Connected Vehicle System Design for Signalized Arterials

Xianfeng Yang, University of Utah

Co-investigator:

Summary:

It can be expected that connected vehicles (CVs) will soon go beyond testbed and appear on real-world road networks. Through the vehicle-to-infrastructure communication channels, much more enriched data, e.g., the trajectories of CVs, will be available to operate more efficient and responsive traffic control modules. Many existing studies also showed the effectiveness of CV-based transportation systems could be improved with the increase of CV penetration rates.  Hence, to accommodate a large number of connected vehicles on the roads, traffic signal control on signalized arterials would require supports of various components such as roadside CV infrastructures, vehicle on-board devices, effective communication network, and optimal control algorithms. In this project, we aim to establish a real-time and adaptive system for supporting the operations of CV-based traffic signal control functions. The proposed system will best utilize the capacity of the communication channels with optimization functions. The CV data sensing and acquisition protocol, built on Age of Information (AoI) as a function of the system overall latency and communication load, will support the feedback control loop to adjust signal timing plans. 

Our multidisciplinary research team, including researchers from transportation engineering and electrical engineering, carry out the project tasks along four directions that capitalized on the PIs’ expertise: (i) Data collection and communication, in which the proposed system is based on the AoI and optimize the communication network; (ii) Dynamic traffic signal coordination, which will concurrently facilitate the progression of traffic flows along multiple critical paths;  (iii) Smart traffic signal control, where both operational efficiency and safety improvement are accounted at signalized intersections; and (iv) Multimodal system design, which will integrate Transit Signal Priority (TSP) and suppression controls for accommodating connected buses. This project addresses the urgent needs in CV system designs and offers control foundations to support the operations of urban signalized arterial under CV environment.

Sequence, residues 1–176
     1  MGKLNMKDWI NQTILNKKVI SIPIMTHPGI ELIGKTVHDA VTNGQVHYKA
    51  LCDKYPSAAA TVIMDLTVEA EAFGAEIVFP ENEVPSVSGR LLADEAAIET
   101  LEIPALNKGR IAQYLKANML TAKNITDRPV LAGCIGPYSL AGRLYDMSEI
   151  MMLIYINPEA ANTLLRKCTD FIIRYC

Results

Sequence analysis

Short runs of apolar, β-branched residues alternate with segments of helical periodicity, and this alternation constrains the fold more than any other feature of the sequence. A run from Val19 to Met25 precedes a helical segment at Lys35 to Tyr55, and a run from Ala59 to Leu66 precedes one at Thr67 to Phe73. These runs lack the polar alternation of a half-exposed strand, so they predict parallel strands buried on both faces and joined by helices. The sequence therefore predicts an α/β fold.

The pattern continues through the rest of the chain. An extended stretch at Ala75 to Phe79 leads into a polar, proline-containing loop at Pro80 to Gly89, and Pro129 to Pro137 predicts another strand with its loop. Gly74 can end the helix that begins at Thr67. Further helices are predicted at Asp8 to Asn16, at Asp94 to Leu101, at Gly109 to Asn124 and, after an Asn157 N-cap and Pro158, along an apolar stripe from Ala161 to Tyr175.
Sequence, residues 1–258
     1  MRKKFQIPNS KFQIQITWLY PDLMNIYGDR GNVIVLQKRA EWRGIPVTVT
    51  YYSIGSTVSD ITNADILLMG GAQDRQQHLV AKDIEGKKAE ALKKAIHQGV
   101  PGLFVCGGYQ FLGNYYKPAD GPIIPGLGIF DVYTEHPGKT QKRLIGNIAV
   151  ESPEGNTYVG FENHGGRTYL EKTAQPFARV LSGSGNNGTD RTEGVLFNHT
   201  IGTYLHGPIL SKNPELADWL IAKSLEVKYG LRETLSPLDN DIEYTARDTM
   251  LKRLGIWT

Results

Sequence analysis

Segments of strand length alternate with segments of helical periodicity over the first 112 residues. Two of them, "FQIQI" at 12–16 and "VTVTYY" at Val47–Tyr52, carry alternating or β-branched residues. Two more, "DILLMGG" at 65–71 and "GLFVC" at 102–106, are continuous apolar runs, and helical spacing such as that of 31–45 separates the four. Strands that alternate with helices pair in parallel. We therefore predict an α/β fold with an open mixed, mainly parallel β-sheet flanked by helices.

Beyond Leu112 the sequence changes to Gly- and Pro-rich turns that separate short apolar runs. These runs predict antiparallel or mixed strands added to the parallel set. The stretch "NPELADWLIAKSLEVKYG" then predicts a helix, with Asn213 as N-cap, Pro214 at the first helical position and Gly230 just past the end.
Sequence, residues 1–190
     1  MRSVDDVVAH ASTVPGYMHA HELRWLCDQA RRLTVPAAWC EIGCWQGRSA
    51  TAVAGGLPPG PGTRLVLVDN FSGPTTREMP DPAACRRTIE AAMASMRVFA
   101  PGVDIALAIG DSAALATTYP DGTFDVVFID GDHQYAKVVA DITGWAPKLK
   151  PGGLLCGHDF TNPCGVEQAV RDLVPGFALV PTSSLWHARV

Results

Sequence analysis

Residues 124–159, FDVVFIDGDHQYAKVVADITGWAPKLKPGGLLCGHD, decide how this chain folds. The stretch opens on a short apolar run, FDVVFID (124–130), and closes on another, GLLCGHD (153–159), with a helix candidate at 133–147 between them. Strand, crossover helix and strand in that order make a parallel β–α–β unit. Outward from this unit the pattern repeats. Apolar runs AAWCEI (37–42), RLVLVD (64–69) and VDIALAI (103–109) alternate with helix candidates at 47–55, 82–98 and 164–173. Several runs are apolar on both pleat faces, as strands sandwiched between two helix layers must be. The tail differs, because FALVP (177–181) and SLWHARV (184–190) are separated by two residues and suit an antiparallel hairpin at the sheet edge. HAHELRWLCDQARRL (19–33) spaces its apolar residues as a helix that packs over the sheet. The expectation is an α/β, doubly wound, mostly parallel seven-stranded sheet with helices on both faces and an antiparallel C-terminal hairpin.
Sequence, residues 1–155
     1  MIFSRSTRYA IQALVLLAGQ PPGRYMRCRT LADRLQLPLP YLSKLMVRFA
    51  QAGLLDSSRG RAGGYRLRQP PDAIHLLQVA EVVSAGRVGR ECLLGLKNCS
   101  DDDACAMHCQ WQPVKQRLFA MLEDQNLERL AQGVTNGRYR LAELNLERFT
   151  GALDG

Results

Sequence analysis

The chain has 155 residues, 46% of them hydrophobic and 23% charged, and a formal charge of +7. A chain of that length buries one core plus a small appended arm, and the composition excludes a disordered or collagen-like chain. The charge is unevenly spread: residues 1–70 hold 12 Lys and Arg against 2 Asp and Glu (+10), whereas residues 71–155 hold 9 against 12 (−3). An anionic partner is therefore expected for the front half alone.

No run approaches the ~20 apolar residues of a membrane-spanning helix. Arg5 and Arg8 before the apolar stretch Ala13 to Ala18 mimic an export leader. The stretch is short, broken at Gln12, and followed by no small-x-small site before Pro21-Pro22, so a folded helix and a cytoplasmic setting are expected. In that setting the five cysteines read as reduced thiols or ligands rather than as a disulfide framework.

Impacts:

1. This research will design new communication and networking protocols to maximize the freshness of information such that the estimation and control accuracy in connected vehicular networks.
2. This research will offer an innovative way of developing a traffic signal control system that can concurrently improve safety and operational efficiency.
3. This research will provide dynamic signal progression control to facilitate the movement of connected vehicles along various critical paths.

Project Details

Project Type:
Research
Project Status:
In Progress
End Date:
November 30,2019
UTC Grant Cycle:
NITC 16 Round 2
UTC Funding:
$89,513

Other Products

  • Dynamic Multi-path Signal Progression Control based on Connected Vehicle Technology (PRESENTATION)
  • Multi-vehicle Trajectories Design During Cooperative Adaptive Cruise Control (CACC) Platoon Formation (PRESENTATION)
  • Smart Signal Control System for Accident Prevention and Arterial Speed Harmonization under Connected Vehicle Environment (PRESENTATION)
  • Real-time Signal Control for Bus Rapid Transit with Connected Vehicle Technology (PRESENTATION)